If a private tenant has a right to occupy a property as their only or main residence and pays rent, then the Regulations apply. This includes assured shorthold tenancies and licences to occupy.

 

If a property is newly built or has been completely rewired, it should have an Electrical Installation Certificate known as an EIC.

Landlords can provide a copy of the EIC to tenants and, if requested, the local authority. The landlord will then not be required to carry out further checks or provide a report for 5 years after the EIC has been issued, as long as they have complied with their duty or duties under the Regulations.

A landlord is not in breach of their duty to comply with a remedial notice, if the landlord can show they have taken all reasonable steps to comply.

A landlord could show reasonable steps by keeping copies of all communications they have had with their tenants and with electricians as they tried to arrange the work, including any replies they have had. Landlords may also want to provide other evidence they have that the installation is in a good condition while they attempt to arrange works. This could include the servicing record and previous safety reports.

Local authorities may impose a financial penalty of up to £30,000 on landlords who are in breach of their duties.

Yes, landlords can appeal against the decision of a local authority.

In the first instance, landlords have 21 days to make written representations to a local authority against a remedial notice and the intention to impose a financial penalty. The remedial notice is suspended until the local authority considers representations. The local authority must inform the landlord of their decision within 7 days.

Landlords then have a right of appeal to the First-tier Tribunal against:

  • The decision to take remedial action by the local authority. An appeal must be made within 28 days from the day on which a remedial notice is served.
  • A demand for the recovery of costs made by the local authority following remedial action.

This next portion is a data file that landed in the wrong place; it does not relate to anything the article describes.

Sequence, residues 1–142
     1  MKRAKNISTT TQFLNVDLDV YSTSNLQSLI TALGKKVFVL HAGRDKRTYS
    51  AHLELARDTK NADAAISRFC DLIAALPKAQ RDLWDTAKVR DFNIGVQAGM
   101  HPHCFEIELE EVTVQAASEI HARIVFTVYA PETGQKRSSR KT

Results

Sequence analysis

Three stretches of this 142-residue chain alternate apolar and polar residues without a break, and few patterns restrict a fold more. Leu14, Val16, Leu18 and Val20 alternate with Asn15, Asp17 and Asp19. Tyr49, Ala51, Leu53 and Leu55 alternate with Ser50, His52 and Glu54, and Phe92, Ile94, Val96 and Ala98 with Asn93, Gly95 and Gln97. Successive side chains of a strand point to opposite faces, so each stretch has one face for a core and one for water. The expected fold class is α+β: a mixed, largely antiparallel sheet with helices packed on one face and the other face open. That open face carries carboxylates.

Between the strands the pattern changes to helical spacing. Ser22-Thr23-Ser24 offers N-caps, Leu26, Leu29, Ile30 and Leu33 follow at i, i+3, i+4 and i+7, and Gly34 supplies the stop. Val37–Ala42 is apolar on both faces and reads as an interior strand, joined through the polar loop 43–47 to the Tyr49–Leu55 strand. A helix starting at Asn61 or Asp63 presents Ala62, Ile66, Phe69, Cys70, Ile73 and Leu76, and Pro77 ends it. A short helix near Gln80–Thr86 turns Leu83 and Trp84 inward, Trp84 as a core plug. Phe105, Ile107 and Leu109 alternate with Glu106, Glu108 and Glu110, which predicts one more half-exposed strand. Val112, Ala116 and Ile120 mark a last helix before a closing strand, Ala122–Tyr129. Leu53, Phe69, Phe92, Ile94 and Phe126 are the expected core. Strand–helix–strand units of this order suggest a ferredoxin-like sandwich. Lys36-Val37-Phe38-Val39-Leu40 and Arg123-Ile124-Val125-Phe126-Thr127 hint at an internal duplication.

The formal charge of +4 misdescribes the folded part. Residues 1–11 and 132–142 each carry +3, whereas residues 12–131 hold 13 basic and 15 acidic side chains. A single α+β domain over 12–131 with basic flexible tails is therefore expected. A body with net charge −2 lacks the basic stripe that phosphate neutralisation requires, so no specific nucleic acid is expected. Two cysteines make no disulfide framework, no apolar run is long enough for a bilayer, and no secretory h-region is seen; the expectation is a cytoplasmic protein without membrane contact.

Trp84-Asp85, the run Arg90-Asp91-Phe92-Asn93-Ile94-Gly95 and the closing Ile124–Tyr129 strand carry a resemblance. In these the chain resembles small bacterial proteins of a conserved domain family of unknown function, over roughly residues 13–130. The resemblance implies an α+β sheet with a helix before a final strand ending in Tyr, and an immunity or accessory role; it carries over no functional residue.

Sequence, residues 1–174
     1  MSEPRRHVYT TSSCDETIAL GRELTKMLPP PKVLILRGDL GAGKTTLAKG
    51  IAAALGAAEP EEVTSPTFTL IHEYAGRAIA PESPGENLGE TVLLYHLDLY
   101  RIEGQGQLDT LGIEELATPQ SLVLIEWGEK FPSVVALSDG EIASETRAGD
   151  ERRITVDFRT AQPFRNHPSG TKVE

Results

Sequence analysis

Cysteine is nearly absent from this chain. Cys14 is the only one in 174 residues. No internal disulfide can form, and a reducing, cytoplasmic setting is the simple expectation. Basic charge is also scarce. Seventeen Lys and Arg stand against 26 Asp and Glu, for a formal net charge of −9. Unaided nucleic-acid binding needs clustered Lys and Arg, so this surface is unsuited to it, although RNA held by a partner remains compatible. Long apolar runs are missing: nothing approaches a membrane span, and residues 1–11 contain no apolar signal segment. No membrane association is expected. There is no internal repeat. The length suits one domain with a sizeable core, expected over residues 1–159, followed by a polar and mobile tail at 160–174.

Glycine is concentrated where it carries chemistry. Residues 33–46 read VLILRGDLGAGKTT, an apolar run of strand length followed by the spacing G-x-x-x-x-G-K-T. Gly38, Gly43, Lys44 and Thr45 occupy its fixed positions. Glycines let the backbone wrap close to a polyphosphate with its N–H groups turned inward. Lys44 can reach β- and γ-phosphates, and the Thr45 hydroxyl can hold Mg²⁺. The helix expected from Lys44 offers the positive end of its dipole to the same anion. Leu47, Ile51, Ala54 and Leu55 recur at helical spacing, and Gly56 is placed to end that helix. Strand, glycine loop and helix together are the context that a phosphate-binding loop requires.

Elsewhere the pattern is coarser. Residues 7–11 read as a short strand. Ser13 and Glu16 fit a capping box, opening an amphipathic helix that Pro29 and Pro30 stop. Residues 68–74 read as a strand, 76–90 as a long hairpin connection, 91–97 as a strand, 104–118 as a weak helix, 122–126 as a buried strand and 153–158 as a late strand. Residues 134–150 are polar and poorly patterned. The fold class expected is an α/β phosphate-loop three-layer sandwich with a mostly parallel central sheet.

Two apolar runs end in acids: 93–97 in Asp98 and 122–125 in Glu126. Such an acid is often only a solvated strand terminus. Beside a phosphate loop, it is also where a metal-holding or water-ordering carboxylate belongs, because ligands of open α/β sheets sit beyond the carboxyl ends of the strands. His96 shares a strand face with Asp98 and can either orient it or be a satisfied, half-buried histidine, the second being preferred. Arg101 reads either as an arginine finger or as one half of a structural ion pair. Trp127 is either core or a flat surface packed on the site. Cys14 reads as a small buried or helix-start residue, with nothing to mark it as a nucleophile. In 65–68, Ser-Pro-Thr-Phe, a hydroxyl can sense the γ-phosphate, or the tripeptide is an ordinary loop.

• The decision to take urgent remedial action by the local authority. An appeal must be made within 28 days from the day on which the work started.
  • A financial penalty.

The Regulations state that a landlord must ensure that electrical safety standards are met, and that investigative or remedial work is carried out if the report requires this.

The electrical installation should be safe for continued use. In practice, if the report does not require investigative or remedial work, the landlord will not be required to carry out any further work.

Reports can also recommend improvement, in addition to requiring remedial work. If a report only recommends improvement but does not require any further investigative or remedial work to be carried out – indicated with a ‘C3’ classification code – then while it would be good practice to carry out this work, it would not be required to comply with the Regulations.

  • For ‘contractual periodic tenancies’ – where it is written in the original tenancy agreement that on expiry of the fixed term the tenancy will become periodic – the periodic tenancy will be part of the same tenancy and no new tenancy will be created.
  • For ‘statutory periodic tenancies’ – where on expiry of the fixed term the tenancy rolls over into a periodic tenancy automatically by statute (rather than by contract) – the periodic tenancy will be a new tenancy.

Don’t hesitate to contact us for any electrical needs or inquiries.